Use up those bountiful fresh herbs in an easy, no-cook sauce that you're going to want to drizzle on just about anything. Not to mention, everybody that you serve this to is sure to be impressed.
Chimichurri Sauce
Credit: Greg Dupree; Styling: Lindsey Lower

I love compliments—especially when said compliments are not given at the expense of an excessive amount effort on my part. It is for this simple reason that I freaking love making chimichurri. This is the sauce that you can whip up with your eyes closed and still get showered in compliments from people who don’t understand just how easy it is to make this stuff. Not only is it easy and extremely versatile, but it’s a strategic way to use up fresh herbs (and their stems, too). Whether you’ve got a summer crowd coming over or you’re just itching for your next go-to, no-cook sauce that you can drizzle on anything, might I recommend you dip your toes into the glorious world of chimichurri (not literally...that’s nasty)?

Chimichurri is technically defined as a thick, Argentinian herb sauce made up of olive oil, vinegar, parsley, oregano, pepper, onion, and garlic. While this may seem like a rigid, hard-and-fast list of ingredients, the components of this sauce are quite flexible. If you have excessive amounts of cilantro or basil, go ahead and throw those in (or substitute them for parsley or oregano if you’d prefer). As far as vinegar, a milder, sweeter option like a sherry or red wine works great. If you’d rather use a different acid to brighten your chimichurri, go for fresh lemon or lime juice. When it comes to the pepper, a fresno chile or red jalapeño are both great for a kick of heat as well as a pop of color (feel free to omit for a milder sauce). For the onion component, I prefer to use a shallot because it has a milder flavor (in comparison to a red or white onion), which bodes well in a vinaigrette-like sauce such as this.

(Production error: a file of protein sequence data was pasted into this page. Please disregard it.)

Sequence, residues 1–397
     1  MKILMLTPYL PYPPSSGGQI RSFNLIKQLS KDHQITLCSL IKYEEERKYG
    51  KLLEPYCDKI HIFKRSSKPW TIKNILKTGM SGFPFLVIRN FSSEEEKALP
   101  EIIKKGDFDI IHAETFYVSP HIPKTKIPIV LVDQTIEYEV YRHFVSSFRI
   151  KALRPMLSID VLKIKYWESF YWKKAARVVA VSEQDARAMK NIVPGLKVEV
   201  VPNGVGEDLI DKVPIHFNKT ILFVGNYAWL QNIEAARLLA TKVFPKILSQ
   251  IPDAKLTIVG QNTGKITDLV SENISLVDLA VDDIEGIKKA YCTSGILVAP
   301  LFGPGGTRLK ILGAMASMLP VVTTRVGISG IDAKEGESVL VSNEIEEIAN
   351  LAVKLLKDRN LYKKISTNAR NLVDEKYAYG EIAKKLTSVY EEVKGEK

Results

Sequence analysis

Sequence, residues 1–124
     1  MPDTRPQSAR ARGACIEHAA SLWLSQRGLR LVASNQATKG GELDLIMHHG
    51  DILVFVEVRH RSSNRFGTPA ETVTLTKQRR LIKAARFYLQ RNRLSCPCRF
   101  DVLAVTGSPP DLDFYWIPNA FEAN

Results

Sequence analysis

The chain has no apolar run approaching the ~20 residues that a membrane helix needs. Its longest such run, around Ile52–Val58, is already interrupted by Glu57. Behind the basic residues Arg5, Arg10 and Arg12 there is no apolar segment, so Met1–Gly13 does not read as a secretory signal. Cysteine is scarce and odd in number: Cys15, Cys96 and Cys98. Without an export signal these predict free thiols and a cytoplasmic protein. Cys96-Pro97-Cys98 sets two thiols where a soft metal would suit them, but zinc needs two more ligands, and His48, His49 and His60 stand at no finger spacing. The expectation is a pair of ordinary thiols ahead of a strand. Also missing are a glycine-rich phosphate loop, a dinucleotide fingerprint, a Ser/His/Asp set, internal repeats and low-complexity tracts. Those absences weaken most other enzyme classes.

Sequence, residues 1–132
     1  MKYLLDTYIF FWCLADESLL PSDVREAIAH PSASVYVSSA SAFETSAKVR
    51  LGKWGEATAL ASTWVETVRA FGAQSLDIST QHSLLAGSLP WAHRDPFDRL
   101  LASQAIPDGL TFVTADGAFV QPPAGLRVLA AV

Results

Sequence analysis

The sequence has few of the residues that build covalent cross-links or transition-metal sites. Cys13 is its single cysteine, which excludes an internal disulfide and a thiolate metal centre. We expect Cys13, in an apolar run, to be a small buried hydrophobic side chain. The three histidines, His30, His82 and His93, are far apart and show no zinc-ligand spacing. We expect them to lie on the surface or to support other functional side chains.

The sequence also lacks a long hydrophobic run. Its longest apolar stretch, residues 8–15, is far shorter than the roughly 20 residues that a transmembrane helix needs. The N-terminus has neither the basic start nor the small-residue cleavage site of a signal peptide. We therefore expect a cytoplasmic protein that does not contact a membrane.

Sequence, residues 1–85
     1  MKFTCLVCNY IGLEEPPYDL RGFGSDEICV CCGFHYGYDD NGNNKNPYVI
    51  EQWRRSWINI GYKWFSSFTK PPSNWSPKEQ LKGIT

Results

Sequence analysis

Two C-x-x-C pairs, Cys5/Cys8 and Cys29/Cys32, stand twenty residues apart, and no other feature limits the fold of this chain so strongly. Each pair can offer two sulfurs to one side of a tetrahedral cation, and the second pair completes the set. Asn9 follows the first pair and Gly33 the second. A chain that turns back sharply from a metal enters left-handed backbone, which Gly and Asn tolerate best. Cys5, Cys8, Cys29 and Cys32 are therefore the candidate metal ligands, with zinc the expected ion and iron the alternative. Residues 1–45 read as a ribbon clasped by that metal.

In my humble, sauce-blending opinion, the biggest perk about using up fresh herbs in a chimichurri is the prep work that I am able to avoid in doing so. Rather than meticulously plucking off leaf after leaf and laboriously sweating over a cutting board, just toss the washed herbs into the bowl of a food processor and let the beauty of modern kitchen technology do all the work for you. Traditionally, this sauce is made by hand-chopping the herbs and getting down and dirty with a mortar and pestle (read: a process that I really don’t want to take part in), so if you feel inclined to follow the unwritten laws of this sauce, then you’ve got a little bit more work cut out for you. That being said, the food processor is a huge time-saver, and using it does not sacrifice the quality of the final product. Take with that information what you will.*

As far as measurements, this is a concoction that you can use your best judgments, and adjust as you taste. There’s no need to get hung up on precision, here. Generally speaking, for every cup of fresh herbs that you’re processing, you should be looking at about ¾ cup extra-virgin olive oil, ½ cup of acid of choice (vinegar, citrus juice, or a combination of the two), 1-2 garlic cloves, 1 pepper, and 1 small shallot. Finish it with some salt and pepper, and you’re good to go. Store this stuff in the refrigerator in a sealed container for up to 10 days, and shower this herbaceous goodness on meat, fish, poultry, eggs, salads, or whatever you’ve got that needs a hit of summery, garden freshness. Feeling pressed for time and can’t find a use for it all? Pour some into an ice cube tray, freeze it, and pop them out on a rainy day (or a sunny day, the weather is irrelevant).


By Sara Tane and Sara Tane